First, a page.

Scholars point to several factors to explain the PJD’s electoral success and popular support. First, the party is attractive to a wide group of voters because of a combination of its Islamic credentials and its behavior as a normal political party (Mahgraoui and Zehrouni 2014: 113). Second, the PJD portrayed itself as more effective and honest than the administration-backed parties and more pragmatic than parties from the Left (Mahgraoui and Zehrouni 2014: 117-122). Furthermore, having only formally formed in 1998, and having been forced by the authorities to reduce its electoral candidates until 2007 (Kraetzschmar 2012: 29), the PJD’s credibility in the eyes of voters was intact when the Arab Spring struck (compared to parties like the Istiqlal and USFP, which were formally in government since the 1960s). It thus gained support from voters who identified with its brand of Islamism as well as from protestors who did not necessarily prefer Islamists in power but desired change.
A rural disadvantage
This reasoning explains the PJD’s recent success, but it does not shed light on the center-periphery discrepancy in its support base. Throughout its electoral history, the party’s successes (in the 2016, 2011, and 2002 elections) can be traced back to its support in major metropoles like Casablanca, whereas its failures (most strikingly in the 2007 and 2009 elections) were linked to its lack of support in rural areas. In the 2002 parliamentary elections, after claiming that it supported the introduction of Islamic law to the Moroccan political system but would also work within the existing system, the PJD presented itself in 56 districts and arrived third behind the USFP and Istiqlal parties (Mouline 2016). These were significant results as the party obtained 12.92 percent of the vote (only 2.46 percent less than the USFP, and 1.15 percent less than the Istiqlal) and 42 seats in parliament. In these elections, the PJD garnered strong support in cities but failed to elicit similar levels of support outside of them. In 2007, despite gerrymandering from the regime (Zaki 2009), the PJD came in second with 46 seats in parliament (behind the Istiqlal which obtained 52 seats). It is noteworthy that the PJD earned 10.9 percent of the vote, compared to the Istiqlal’s 10.7 percent, but still came in second because of its significant shortcomings in the rural areas.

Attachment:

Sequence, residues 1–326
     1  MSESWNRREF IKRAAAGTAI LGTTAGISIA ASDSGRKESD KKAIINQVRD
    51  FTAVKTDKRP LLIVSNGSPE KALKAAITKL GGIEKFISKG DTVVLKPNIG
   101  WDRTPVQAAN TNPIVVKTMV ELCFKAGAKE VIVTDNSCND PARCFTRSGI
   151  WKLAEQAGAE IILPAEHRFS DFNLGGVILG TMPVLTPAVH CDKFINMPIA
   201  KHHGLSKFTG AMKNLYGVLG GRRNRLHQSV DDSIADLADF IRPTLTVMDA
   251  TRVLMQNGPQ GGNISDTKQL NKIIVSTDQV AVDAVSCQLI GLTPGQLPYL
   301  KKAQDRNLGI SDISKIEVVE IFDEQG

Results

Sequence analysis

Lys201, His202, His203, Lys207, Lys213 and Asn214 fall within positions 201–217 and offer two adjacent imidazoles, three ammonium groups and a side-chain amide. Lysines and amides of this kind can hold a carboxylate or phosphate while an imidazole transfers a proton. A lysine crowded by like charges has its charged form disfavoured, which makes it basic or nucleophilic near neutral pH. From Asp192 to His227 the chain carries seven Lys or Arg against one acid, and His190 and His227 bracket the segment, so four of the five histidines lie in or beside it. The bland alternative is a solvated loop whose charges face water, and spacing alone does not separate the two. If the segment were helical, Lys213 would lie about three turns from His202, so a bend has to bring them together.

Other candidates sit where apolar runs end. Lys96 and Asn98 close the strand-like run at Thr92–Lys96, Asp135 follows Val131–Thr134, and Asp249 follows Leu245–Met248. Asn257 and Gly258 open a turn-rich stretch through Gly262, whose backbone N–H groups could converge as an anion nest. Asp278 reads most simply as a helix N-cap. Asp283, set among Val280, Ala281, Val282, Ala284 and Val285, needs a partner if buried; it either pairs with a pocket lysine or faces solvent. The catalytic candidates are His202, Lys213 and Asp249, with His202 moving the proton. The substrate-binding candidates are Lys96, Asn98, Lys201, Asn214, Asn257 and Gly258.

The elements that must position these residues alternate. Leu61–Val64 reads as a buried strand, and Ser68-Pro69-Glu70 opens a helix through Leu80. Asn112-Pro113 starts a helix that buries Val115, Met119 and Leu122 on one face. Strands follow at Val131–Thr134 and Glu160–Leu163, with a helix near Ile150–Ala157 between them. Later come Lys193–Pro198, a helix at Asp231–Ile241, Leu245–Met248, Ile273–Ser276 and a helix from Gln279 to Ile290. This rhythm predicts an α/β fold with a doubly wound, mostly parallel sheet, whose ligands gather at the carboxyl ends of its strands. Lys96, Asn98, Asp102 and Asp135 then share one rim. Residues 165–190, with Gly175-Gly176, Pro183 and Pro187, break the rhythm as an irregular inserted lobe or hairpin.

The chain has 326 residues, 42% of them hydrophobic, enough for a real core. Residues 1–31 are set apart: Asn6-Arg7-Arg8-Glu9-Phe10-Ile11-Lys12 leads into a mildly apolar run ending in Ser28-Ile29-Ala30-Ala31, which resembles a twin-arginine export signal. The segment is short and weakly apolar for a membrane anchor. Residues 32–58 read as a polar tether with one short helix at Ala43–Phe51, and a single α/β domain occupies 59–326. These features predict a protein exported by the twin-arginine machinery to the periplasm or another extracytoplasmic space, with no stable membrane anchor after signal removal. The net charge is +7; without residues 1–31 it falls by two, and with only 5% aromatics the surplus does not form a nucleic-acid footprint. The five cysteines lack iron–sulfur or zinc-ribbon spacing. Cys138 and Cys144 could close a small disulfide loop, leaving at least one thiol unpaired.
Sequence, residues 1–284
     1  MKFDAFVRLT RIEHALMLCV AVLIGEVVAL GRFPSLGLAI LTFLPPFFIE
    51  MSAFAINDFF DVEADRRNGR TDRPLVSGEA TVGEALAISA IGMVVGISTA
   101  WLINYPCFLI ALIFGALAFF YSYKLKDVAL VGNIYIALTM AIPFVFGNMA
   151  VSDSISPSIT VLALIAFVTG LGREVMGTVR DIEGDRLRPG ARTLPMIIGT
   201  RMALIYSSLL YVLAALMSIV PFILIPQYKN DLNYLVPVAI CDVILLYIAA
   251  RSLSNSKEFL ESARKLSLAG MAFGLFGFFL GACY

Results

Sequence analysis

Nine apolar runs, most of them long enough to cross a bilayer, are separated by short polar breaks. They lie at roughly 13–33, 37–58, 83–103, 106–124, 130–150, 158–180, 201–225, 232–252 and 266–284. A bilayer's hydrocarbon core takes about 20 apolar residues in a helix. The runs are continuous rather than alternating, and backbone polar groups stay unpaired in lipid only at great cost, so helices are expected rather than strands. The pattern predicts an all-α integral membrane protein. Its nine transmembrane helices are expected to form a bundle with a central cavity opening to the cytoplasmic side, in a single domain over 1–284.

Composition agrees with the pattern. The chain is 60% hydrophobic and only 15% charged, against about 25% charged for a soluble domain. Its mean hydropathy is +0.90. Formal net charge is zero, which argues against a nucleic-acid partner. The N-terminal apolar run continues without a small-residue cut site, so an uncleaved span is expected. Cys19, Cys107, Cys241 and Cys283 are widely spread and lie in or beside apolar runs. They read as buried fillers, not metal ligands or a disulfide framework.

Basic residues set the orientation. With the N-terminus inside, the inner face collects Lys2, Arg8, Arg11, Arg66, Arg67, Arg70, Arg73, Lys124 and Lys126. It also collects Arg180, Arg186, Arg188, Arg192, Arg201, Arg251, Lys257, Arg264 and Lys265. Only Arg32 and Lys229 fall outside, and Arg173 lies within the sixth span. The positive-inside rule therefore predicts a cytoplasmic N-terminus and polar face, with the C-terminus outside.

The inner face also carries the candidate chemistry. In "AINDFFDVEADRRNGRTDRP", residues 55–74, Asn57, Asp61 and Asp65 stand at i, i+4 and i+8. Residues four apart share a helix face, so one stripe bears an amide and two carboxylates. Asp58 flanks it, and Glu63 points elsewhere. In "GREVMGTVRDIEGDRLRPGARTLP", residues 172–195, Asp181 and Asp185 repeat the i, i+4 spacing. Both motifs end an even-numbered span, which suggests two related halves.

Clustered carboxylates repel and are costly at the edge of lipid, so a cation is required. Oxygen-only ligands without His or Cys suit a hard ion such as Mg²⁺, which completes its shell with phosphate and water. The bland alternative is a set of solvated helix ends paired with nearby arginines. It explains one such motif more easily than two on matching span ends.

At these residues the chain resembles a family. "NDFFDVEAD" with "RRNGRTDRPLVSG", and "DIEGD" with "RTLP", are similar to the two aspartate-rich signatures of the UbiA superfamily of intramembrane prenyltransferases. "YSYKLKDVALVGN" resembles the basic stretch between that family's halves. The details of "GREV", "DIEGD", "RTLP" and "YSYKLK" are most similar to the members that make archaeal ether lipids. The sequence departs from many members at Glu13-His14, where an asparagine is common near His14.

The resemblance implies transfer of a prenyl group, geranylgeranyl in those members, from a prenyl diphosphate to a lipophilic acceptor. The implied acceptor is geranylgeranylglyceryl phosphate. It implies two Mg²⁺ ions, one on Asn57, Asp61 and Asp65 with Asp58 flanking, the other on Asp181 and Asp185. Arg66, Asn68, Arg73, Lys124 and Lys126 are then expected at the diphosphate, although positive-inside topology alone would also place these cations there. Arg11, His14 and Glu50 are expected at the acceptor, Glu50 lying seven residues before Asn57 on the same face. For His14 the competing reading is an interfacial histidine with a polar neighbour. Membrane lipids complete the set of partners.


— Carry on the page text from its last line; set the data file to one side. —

It was after these elections that the PJD started to address its rural problem, by increasing its presence in rural areas via recruited members during the local elections of 2009. Despite these efforts, the party’s weak support in rural areas prevented it from winning any seat in the renewal elections of October 2009. The situation improved slightly during the 2011 (Arab Spring) elections when the PJD won a small number of seats in rural areas while maintaining its domination of urban districts. Compared to the precedent legislatives, the 2011 round saw a dramatic increase in PJD votes; the party earned 22.8 percent of the vote (far ahead of the second-place Istiqlal’s 11.9 percent) and 107 seats in parliament. This was consistent with the improved results from the following elections in 2016 in which the PJD received 18 additional seats and 27.88 percent of the vote.
Figure 4 – Author’s graph based on data from the Ministry of Interior
Explaining the PJD’s rural failure
Explanation I: The PJD’s problematic campaign strategy
In an interview, members of the PJD’s Central Elections Committee explained that PJD results in rural areas in 2011 were disappointing and posited that the party’s mistake in dealing with rural voters was that it did not have a different campaign strategy for rural and urban areas, and that its strategy targeted a specific class of voters. Indeed, since its entry to the country’s political scene, the PJD mainly targeted the middle class in large metropoles. These voters usually possess higher than average salaries and at least a high school education. This category of voters then mobilized a major part of the popular urban voters through charity-related and cultural efforts (Aït Akdim 2011; Smaoui 2009).